Last week we scrubbed up the warehouse into a “rustic” lecture theatre, to host a visit from Capital Growth groups and University College London’s Development Planning Unit , who now run a module on Urban (UA – being the vogue term for all forms of urban food growing).
Student presentations of various case studies reveal how UA, in the Two-Thirds World/ Global South (or whichever moniker you choose to give to what we once called the underdeveloped nations) as well as here in Blighty, are increasingly regarding UA not as an unsightly, embarrassing symptom of backwardness to be controlled, but rather a feature of the landscape to be accepted. Even, where food security issues are really starting to bite, to be encouraged.
The point was made that we would benefit from a kind of counter-colonial knowledge transfer of more developed UA models and techniques. It is in a similar spirit that permaculturalists and organic gardeners seek to reverse the dominant approach to the land – that of dominating it – by instead attempting to listen to nature and work with ecological processes and systems.
Our half-acre of glasshouse may be a fairly hard, synthetic micro-climate, but we have begun the work of inviting the outside environment back in, by sowing nectar-rich flowering strips, potting up nettle planters, and installing a promenade of ladybird and lacewing hotels now touting for trade, all in a bid to strike a balance between aphid pests and their insect predators.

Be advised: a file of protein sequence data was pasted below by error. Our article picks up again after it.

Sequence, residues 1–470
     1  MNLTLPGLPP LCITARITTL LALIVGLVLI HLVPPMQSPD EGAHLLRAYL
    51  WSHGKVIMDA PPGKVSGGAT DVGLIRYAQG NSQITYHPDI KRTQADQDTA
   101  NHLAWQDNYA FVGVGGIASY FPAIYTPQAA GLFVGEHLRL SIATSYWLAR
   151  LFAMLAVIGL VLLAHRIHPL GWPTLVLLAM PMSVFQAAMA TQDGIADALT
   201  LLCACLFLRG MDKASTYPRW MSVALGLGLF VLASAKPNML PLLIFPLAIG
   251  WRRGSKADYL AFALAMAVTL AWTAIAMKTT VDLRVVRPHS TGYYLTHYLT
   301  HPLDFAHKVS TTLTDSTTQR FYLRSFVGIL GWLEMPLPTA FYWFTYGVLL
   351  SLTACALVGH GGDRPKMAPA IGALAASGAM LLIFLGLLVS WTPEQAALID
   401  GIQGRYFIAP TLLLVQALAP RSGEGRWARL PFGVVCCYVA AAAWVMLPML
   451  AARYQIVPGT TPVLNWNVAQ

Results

Amidst all the worries and denials about the environmental and social crises crashing around us, it is the realisation that we are, after all, capable of forming mutually beneficial relationships with each other, and with the natural world, that can cause you to sigh out loud. It’s the same sigh I’ve let out this week on seeing the blackthorn blossom burst, and will be repeated with the flowering of the peaches, apples, squash…
Sighs, like yawns, have a certain infectious quality.